President Obama made a move recently to expand the powers of the Treasury Department in seizing firms beyond the limited scope of banks and financial institutions as was previously authorized. I have to wonder if anyone stopped for a moment to think about this one but I’m sure the answer is a resounding “No”.
The WaPo reports on the desperation:
The Obama administration is considering asking Congress to give the Treasury secretary unprecedented powers to initiate the seizure of non-bank financial companies, such as large insurers, investment firms and hedge funds, whose collapse would damage the broader economy, according to an administration document.
The government at present has the authority to seize only banks.
Giving the Treasury secretary authority over a broader range of companies would mark a significant shift from the existing model of financial regulation, which relies on independent agencies that are shielded from the political process. The Treasury secretary, a member of the president’s Cabinet, would exercise the new powers in consultation with the White House, the Federal Reserve and other regulators, according to the document.
The administration plans to send legislation to Capitol Hill this week. Sources cautioned that the details, including the Treasury’s role, are still in flux.
Treasury Secretary Timothy F. Geithner is set to argue for the new powers at a hearing today on Capitol Hill about the furor over bonuses paid to executives at American International Group, which the government has propped up with about $180 billion in federal aid. Administration officials have said that the proposed authority would have allowed them to seize AIG last fall and wind down its operations at less cost to taxpayers.
The administration’s proposal contains two pieces. First, it would empower a government agency to take on the new role of systemic risk regulator with broad oversight of any and all financial firms whose failure could disrupt the broader economy. The Federal Reserve is widely considered to be the leading candidate for this assignment. But some critics warn that this could conflict with the Fed’s other responsibilities, particularly its control over monetary policy.
The government also would assume the authority to seize such firms if they totter toward failure.
So we’re still running on the “too big to fail” model which has proved to be unsuccessful thus far in stemming economic damage. The problem is that President Obama seeks to prop up failure by taking money out of your pocket to do so. Instead of allowing a failing company to enter bankruptcy, the public will now be owners reminiscent of Hugo Chavez’s policies in Venezuela.
People fear the concept of bankruptcy but it is there for a reason. Take General Motors for example. The government loaned/gave them billions of dollars to continue operating a few more months. The issue is that the core reasons why GM was in such dire straights were never addressed. If GM ends up filing bankruptcy they will have the opportunity to shed union contracts, renegotiate numerous other contracts and have the right to actually terminate positions which are now union protected. Therefore, after bankruptcy GM would emerge as a much more healthy, efficient company which might have a chance at making a profit. As they’re standing, they’re still in dire straights but now it’s on your dime.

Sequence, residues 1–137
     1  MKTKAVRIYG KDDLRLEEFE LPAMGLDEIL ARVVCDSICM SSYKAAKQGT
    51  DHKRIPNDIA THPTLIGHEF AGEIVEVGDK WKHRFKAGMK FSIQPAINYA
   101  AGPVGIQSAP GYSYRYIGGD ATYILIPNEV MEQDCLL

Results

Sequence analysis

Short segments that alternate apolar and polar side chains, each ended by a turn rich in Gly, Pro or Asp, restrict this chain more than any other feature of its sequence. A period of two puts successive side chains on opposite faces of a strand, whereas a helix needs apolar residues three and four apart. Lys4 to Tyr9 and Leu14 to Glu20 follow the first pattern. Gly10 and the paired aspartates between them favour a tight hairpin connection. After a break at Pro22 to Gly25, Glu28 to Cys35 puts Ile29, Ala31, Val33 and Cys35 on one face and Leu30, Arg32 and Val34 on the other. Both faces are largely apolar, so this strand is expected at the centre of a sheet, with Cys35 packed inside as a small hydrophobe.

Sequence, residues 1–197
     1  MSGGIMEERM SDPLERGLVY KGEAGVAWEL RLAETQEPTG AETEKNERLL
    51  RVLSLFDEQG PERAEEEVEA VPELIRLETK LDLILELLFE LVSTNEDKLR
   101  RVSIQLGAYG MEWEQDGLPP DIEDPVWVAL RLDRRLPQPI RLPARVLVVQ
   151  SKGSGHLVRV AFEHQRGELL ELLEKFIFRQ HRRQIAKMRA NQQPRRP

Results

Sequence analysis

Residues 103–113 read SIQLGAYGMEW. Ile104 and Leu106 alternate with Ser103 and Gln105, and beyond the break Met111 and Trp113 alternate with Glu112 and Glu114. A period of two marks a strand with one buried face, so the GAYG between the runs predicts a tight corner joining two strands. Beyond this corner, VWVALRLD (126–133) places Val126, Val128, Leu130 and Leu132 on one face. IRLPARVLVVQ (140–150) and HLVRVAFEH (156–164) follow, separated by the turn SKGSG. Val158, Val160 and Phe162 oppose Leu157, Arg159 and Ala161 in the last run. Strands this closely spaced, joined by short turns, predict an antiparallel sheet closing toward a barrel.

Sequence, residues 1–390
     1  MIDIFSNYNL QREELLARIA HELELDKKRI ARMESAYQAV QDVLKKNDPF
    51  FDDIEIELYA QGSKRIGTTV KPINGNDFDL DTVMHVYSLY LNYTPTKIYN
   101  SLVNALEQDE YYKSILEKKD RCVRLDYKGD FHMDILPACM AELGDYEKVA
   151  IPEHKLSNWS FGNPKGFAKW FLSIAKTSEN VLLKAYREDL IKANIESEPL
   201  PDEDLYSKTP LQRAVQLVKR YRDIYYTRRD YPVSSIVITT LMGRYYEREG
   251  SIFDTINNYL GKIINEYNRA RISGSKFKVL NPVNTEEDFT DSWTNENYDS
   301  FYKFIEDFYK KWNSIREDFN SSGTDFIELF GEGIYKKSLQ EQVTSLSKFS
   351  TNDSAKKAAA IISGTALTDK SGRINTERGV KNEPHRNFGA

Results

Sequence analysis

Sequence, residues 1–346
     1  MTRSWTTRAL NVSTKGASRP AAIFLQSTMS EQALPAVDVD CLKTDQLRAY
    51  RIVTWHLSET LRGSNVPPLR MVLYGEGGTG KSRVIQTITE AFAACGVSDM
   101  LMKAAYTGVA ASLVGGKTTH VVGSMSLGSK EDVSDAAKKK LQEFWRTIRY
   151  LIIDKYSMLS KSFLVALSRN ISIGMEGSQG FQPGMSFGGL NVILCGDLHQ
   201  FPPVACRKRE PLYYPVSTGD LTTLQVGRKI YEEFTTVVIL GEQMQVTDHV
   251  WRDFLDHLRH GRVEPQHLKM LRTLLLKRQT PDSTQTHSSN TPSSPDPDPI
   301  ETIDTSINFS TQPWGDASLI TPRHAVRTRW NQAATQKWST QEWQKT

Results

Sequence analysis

Instead, President Obama led by his incompetent Treasury Secretary will be seizing companies which are failing in order to prop them up and preserve the failed status-quo. The obvious issue, of course, is what do we do 3 or 6 months from now when these companies are still failing and we still own them? Obama isn’t going to close them, instead we’ll end up with taxpayer-owned companies which are losing money. Welcome to AIG among others.
In fact, is Obama oblivious to the fact that this is exactly what we did with AIG and look where we are now? AIG is still losing money and we’re all screaming about their bonuses. Do we think it’s going to be any different moving forward every time Obama’s socialist government steps in to interfere with capitalism?
There is a cure if you want it.
In other news, the Zogby polling organization is showing a healthy trend for the country:
The honeymoon is over, a national poll will signal today as President Obama’s job approval stumbles to about 50 percent over the lack of improvement with the crippled economy.
The sobering numbers come as the president backpedals from two prime-time gaffes – one comparing his bowling score to a Special Olympian and another awkwardly laughing about the economy, which prompted Steve Kroft of “60 Minutes” to ask “are you punch-drunk?”
Pollster John Zogby said his poll out today will show Americans split on the president’s performance. He said the score factors out to “about 50-50.”
Some polls show Obama coasting with a 65 percent job approval, but not in Zogby’s tally.
“The numbers are going down,” Zogby told the Herald. “It’s not because of the gaffes, but a combination of high expectations and that things aren’t moving fast enough with the economy.”
As for the president’s love of the limelight, it could backfire, according to a media watcher.
“I thought he overexposed himself weeks ago,” said Tobe Berkovitz, associate dean of Boston University’s College of Communication.
So we’re heading downhill with regard to Obama’s approval ratings as Americans watch the incompetent circus happening in Washington. There is hope for change away from Obama’s socialism.